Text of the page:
Monday, January 28, 2019

Sudan: Battle of Gebeit - part one

Major General Graham suspected the Mahdist forces in the Eastern Sudan would not let the passage of his army through their territory go unchallenged, and so it proved. As his column approaches the small town of Gebeit and its vital water supply, Hadendowah and Ansar warriors alike begin to appear all around. Fortunately a signal flashes from a hill above the distant town, showing friendly forces are also at hand.

Friendly Amarar tribesmen look out across the Gebeit valley as their Imperial allies approach in the distance.
With two squadrons of the 5th Lancers and one of the 19th Hussars out scouting ahead, Graham feels confident he will reach and secure Gebeit. 

The lancers soon find trouble. Their first squadron comes under fire from a hundred or so Mahdist marksmen lurking by a rocky outcrop.

In the meantime the Amarar camelry descend from the heights, aiming to reconnoitre the town. Is it as deserted as it appears to be?

As the lancers ride nearer the marksmen, a more worrying vision appears out of heat haze, dust and scrub - some three hundred Ansar cavalry, desert warriors all, riding down upon the infidel. The tough Irishmen grip their lances and apply spurs to their mounts. The squadrons break into a trot. After their long posting in India it's high time they saw real action.

The 'rising tripples' sound and the 1st squadron of Lancers surge forward...

Overview of the cavalry deployment.

Another group of Mahdist marksmen had appeared on the left flank. Now they lurk the other side of a sand filled old wadi, and their sniping fire is causing casualties among the 19th Hussars. Their commanding officer knows he has to do something about the situation before many more saddles are emptied. He orders a charge, but it's slowed by the rocks and soft going.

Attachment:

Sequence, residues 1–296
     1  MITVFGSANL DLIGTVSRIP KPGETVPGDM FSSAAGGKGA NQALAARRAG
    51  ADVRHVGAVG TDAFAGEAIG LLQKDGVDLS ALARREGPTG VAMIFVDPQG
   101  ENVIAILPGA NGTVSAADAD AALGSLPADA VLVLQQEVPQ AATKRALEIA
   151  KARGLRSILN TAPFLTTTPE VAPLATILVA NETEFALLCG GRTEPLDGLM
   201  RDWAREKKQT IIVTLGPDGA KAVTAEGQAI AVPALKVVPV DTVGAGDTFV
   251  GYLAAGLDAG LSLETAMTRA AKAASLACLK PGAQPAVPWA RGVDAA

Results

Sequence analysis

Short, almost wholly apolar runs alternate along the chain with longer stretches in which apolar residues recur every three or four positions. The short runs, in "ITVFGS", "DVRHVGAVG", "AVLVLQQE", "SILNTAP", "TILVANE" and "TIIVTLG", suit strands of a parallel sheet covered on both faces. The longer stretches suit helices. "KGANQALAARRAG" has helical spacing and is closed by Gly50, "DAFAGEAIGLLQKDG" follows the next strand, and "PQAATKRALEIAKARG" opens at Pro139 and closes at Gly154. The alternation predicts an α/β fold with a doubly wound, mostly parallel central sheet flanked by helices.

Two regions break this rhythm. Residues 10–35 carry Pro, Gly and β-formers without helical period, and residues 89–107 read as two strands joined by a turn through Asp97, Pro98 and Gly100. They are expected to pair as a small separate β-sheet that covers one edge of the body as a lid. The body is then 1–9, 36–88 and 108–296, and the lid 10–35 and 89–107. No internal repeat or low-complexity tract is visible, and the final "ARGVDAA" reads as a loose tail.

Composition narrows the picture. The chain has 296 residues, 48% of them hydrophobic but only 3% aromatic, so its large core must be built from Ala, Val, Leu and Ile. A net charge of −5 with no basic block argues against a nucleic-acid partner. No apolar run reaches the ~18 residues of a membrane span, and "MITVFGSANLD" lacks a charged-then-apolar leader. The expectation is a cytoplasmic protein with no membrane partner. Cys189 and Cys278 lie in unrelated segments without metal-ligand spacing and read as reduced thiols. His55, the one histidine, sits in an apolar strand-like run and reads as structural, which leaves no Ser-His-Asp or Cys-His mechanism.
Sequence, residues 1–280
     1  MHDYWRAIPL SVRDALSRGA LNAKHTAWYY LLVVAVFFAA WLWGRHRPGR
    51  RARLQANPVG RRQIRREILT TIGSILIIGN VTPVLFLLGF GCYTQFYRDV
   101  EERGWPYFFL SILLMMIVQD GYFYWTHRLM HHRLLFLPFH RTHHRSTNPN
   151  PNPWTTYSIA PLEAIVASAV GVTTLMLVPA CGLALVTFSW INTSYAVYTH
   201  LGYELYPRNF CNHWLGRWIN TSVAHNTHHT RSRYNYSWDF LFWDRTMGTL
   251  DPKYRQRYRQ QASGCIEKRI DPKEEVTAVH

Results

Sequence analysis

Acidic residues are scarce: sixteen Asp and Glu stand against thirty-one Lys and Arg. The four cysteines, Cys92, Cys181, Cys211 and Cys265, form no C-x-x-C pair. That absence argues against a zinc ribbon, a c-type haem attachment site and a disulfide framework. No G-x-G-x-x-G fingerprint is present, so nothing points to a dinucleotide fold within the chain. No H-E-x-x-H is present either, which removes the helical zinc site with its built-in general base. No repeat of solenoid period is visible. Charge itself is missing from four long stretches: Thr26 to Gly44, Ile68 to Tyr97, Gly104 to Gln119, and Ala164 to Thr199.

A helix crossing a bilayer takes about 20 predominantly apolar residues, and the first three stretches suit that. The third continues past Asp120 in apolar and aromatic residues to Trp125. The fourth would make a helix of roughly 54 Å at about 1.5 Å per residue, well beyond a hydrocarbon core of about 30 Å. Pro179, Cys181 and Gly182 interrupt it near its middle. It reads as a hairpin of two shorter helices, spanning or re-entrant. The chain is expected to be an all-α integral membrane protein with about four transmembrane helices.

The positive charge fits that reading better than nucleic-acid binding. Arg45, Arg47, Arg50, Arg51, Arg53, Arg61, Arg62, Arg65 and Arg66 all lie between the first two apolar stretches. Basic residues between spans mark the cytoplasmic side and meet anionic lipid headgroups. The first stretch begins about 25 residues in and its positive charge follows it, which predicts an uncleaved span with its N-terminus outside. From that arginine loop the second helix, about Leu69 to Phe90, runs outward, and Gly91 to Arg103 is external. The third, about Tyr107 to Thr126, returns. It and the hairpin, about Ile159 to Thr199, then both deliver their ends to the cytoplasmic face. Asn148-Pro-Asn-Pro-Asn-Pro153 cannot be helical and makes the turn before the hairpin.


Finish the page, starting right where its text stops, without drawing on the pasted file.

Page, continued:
On the right flank the lancers crash through their opponents, tearing the shocked Mahdists from the saddle. In a brief and vicious melee the lancers burst through the enemy cavalry and career on into the marksmen beyond, taking them utterly by surprise. Pinned in place and disordered, the Mahdist cavalry are sitting ducks for the 2nd squadron.

Marksmen and enemy cavalry alike fall easy prey to the lancers and are wiped out. Blown by the two fierce combats within minutes of each other the 1st squadron sits to recover - but to their dismay somewhere approaching five hundred fierce Hadendowah arrive on the scene...

Meanwhile on the left flank, the hussars have charged in, but the fight is not going their way. The marksmen are putting up an unexpectedly hard fight, and more hussars die in the desert dust.

Over in Gebeit, the Amarar find the town deserted and spread out to occupy the place. A band of Hadendowah watch from a distance.

The 1st squadron Lancers can't avoid combat, but the clash is brief. Realising they can't stand against the enemy the Colonel orders a hasty withdrawal.

The 1st squadron succeeds in pulling out of the fight and joins the 2nd squadron. The Hadendowah are pleased to have driven off the ferenghi horsemen. Now they decide to test matters with the infantry of the column.